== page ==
Over the past few years, I've been watching a lot of early movies in more or less chronological order. I started doing this fairly systematically in 2009, but the first early-movie DVD I got from Netflix was back in December 2007: Landmarks of Early Film #1. This is a collection of movies from the earliest days of the Edison company and the Lumiere Bros. through D. W. Griffiths and the Keystone Cops. It was a great place to start my exploration of movie history.
Most of the movies on this disc are of primarily historical interest. The earliest ones were primarily experiments, though an interest in storytelling develops early on. Many of the early films were "actualites"--essentially what we would now call documentaries, though very brief and with a stationary camera. People would set up a camera outside a factory or in a train station and simply film what was going on. (Of course, one has to suspect that pretty soon the filmmakers started manipulating events in order to get more interesting results.)
Slapstick comedy is one of the genres that developed very early. Much of it isn't very interesting, at least to me. The humor often seems heavy-handed.
The three most famous movies on this disc are "The Great Train Robbery" by Edwin Porter from 1903, sometimes called the first Western; "A Voyage to the Moon" (1902) by the Frenchmoviemaker Georges Melies; and "A Girl and Her Trust" (1912) by D. W. Griffith. "Robbery" is historically interesting and somewhat enjoyable. The most talked-about moment in the movie is usually shown at the end, when one of the robbers turns and fires his gun at the camera; this seems to have nothing to do with the story (the robbers have been caught by this point), and as I understand no one really knows when it was originally supposed to be shown. "A Voyage to the Moon" seems to be largely based on Jules Verne. It's the most famous movie by Melies, who began as a stage magician and is best known for his development of special effects. Melies doesn't do a lot for me--I recognize that his technical wizardry was impressive, and that he had a quirky imagination, and I have more respect for what he did than for the bloated CGI that audiences flock to see today. But there doesn't seem to be any heart in his films--they're all trickery and crude spectacle. Historically interesting, but not particularly meaningful on other counts.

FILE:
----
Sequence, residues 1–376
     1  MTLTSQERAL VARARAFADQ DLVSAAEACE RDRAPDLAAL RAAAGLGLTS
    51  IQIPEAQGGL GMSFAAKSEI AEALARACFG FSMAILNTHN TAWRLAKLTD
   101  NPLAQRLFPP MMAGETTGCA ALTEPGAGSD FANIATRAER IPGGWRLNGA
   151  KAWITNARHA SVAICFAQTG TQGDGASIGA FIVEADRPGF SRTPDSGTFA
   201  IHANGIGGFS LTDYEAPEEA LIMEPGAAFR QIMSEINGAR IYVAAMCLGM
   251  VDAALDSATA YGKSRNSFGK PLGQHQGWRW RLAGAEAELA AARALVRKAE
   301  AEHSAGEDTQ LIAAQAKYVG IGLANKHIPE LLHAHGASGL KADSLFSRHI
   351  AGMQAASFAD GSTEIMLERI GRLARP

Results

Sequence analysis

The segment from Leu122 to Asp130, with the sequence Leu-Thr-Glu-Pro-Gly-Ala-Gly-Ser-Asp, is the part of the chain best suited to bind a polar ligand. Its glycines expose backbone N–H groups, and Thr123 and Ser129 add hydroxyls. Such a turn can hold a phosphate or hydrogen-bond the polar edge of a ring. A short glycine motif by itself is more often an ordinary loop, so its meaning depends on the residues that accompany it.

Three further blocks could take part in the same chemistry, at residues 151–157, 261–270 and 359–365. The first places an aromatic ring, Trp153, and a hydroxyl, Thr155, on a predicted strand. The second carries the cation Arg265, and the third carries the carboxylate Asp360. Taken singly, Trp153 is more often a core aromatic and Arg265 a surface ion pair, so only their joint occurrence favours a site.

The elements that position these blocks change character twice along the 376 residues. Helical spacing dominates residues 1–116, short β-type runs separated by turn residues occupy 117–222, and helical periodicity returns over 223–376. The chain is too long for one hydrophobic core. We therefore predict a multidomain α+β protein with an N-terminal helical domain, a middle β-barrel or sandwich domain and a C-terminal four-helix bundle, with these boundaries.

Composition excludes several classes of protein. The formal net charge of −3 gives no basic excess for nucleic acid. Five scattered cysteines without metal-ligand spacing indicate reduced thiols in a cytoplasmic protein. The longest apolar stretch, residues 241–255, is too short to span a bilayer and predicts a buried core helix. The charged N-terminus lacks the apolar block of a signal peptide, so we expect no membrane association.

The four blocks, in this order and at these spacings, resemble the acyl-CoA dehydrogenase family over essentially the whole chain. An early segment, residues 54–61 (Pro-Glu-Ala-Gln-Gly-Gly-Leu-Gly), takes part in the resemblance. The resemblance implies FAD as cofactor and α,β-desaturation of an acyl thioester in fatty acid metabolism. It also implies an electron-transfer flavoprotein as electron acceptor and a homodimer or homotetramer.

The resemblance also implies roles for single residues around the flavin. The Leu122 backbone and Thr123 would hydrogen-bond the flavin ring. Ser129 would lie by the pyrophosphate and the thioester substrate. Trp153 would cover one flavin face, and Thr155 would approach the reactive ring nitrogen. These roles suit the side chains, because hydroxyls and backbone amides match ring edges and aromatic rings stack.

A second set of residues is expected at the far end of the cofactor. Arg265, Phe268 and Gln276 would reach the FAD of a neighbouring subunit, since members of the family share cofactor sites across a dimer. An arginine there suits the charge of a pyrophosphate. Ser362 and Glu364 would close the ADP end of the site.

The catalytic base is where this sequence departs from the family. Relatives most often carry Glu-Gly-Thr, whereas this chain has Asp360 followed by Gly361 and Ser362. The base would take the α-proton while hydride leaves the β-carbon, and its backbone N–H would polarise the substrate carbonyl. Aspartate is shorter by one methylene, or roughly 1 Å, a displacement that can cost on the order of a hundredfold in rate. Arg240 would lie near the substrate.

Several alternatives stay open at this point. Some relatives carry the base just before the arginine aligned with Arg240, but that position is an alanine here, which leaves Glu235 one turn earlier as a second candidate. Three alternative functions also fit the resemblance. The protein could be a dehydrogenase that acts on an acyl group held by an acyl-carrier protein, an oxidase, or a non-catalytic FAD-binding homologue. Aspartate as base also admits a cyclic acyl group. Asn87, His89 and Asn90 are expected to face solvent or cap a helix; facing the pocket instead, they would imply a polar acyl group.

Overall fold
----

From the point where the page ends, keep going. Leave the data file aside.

Griffith's "A Girl and Her Trust," on the other hand (a revision of a movie called "The Lonedale Operator"), is great melodrama with a plucky heroine who saves a safe from a gang of bandits (largely, in the final climax, by simply hanging on to it as they drive off with it--and her--along the railroad tracks). It has one of the great early chase scenes in the movies, and a lovely final shot of the heroine and her boyfriend sharing a sandwich while riding on the bumper of the train that has rescued her. Watching this movie made me a fan of Griffiths--about whom more to come if I continue this series.